SUMMARY OF THE INVENTION

The foregoing and other objects of the invention are accomplished by a wick support which includes a rigid section having a pointed end for piercing and holding a wick at a first location along the length of the wick. The support also includes a flexible section having a pointed end for piercing and holding the wick at a second location along the length of the wick. The rigid and flexible sections are joined together near the center of the support by a handle section. Flexible fins are also provided which project from the sides of the rigid section in an area adjacent the handle.

In operation, the user grips the support by the handle and inserts the pointed end of the rigid section, along with one end of the wick which has been previously attached thereto, into the soil through the drain hole in the bottom of the plant pot. The flexible fins pass through the drain hole and expand to hold the support in place. The flexible section of the support projects outward from the bottom of the plant pot and holds the wick in an extended position.

The flexible section bends easily so that it can conform to outer pots having various depths of water reservoirs. In addition, the flexible section enables the user to place the plant pot on a flat surface without the pot tipping over.

An alternate embodiment of the wick support is also disclosed, which is similar in construction to the preferred embodiment except that the flexible section of the preferred embodiment is replaced by a weight. The weight includes a pointed end for piercing and holding one end of the wick in an extended position so that it fully extends into the water reservoir when the plant pot is placed into the outer pot.

BRIEF DESCRIPTION OF THE DRAWINGS

FIG. 1 is a perspective view of a wick support made according to the present invention, showing the wick attached;

FIG. 2 is a side view of a plant pot partially cut away to show the wick and wick support inserted into the soil;

FIG. 3 is a side view of a plant pot placed within an outer pot, the view partially cut away to show the position of the wick and wick support;

FIG. 4 is a perspective view of an alternate embodiment of a wick support made according to the present invention; and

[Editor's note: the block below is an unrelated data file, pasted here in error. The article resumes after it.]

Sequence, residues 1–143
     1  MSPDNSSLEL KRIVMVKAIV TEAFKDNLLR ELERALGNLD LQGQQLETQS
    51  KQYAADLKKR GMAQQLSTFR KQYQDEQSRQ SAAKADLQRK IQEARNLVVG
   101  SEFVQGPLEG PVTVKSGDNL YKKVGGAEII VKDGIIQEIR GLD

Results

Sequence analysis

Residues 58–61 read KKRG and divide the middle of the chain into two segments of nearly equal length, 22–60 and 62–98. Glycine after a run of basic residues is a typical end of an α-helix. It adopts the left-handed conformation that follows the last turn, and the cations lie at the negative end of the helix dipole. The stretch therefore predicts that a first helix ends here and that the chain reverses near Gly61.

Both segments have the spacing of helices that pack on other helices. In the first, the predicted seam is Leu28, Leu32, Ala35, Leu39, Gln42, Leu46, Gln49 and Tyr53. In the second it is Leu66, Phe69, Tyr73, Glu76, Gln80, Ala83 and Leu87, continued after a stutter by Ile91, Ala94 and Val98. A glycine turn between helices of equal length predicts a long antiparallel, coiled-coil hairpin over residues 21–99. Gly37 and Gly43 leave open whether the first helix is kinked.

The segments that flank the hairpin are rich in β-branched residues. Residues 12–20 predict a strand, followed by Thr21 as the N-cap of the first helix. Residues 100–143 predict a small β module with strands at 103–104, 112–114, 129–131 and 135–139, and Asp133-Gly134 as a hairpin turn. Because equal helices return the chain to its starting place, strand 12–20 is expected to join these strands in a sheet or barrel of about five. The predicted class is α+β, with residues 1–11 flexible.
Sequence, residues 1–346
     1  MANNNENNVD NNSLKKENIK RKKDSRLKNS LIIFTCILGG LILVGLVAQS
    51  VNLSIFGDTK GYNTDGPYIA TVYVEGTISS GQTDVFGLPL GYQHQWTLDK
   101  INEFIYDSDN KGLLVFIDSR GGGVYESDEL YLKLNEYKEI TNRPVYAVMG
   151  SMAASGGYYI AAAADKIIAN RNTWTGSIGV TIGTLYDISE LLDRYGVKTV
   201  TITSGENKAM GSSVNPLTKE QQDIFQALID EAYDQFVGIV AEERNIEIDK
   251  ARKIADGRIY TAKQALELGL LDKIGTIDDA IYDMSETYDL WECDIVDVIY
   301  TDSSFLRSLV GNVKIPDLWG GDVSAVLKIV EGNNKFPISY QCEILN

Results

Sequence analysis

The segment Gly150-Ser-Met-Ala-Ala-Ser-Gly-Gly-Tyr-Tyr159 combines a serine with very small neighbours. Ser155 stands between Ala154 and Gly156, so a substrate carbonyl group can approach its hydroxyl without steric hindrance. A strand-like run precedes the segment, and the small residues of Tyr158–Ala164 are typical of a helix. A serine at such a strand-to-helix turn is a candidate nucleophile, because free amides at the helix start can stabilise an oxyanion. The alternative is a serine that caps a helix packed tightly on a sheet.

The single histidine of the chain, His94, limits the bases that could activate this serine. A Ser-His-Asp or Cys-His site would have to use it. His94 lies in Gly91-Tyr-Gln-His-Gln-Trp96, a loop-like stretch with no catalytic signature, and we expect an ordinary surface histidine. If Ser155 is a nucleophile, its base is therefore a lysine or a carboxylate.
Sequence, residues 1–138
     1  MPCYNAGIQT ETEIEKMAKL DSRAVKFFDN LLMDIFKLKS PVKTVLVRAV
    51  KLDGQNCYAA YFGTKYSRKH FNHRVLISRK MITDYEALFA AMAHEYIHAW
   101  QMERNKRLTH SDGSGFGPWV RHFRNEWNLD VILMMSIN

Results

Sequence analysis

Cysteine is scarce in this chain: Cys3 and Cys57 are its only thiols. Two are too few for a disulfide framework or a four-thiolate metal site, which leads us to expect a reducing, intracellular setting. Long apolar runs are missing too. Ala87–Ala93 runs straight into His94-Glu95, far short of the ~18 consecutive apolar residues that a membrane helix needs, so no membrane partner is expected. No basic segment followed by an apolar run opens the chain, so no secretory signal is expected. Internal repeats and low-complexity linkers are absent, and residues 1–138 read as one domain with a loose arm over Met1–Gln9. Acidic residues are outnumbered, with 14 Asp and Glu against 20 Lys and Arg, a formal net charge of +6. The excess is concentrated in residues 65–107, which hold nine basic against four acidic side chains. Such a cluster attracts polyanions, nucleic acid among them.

FIG. 5 is a perspective view of the wick support of FIG. 4, showing the wick attached.

DESCRIPTION OF THE PREFERRED EMBODIMENT

Referring now to FIG. 1, there is shown a perspective view of a wick support 10, made according to the present invention. The support 10 includes a rigid section 12 having an elongated cylindrical form. One end of the section 12 is formed into a point 14. A grooved recess 16 is also provided in the section 12 adjacent the point 14. The opposite end of the section 12 terminates in a handle 18 having the form of a generally rectangular plate oriented in a plane perpendicular to the axis of the section 12.

Affixed to the outer surface of the rigid section 12 adjacent the handle 18 are two thin flexible fins 20. The fins 20 are triangular in shape and are axially aligned so that they project outward a greater distance nearest the handle 18. Projecting from the opposite side of the handle 18 is a flexible section 22 in the form of a thin rectangular sheet. One end of the flexible section 22 is formed into a point 24 having a narrow neck 26. The wick support 10 described above may be inexpensively molded using a variety of plastic materials such as vinyl, polyethylene or polypropylene.

To use the wick support 10, the user attaches one end of a wick 28 to the end of the rigid section 12 by piercing the wick 28 with the point 14. The wick is retained at the end of the rigid section 12 by the grooved recess 16. The wick may be formed of a number of materials, for example, polyester.

The opposite end of the wick 28 is attached to the end of the flexible section 22 in a similar fashion. The point 24 is used to pierce the wick 28, which is then retained by the narrow neck 26.

The wick 28 is inserted into the soil of a potted plant in the following manner. Referring to FIG. 2, the rigid section 12 of the support 10, is pushed into the soil within a plant pot 30 by gripping the support 10 by the handle 18 and inserting the point 14 through a drain hole 32 provided in the bottom of the pot 30 until the handle 18 is flush with the bottom of the pot 30. The point 14 aids in piercing the soil. The resilient fins 20 bend and pass through the drain hole 32 and then expand inside the pot 30 to lock the rigid section 12 and the wick 28 into the pot 30. The rigid section 12 may be fabricated in a variety of lengths to optimize the depth of penetration of the wick 28 for a range of sizes of plant pots 30.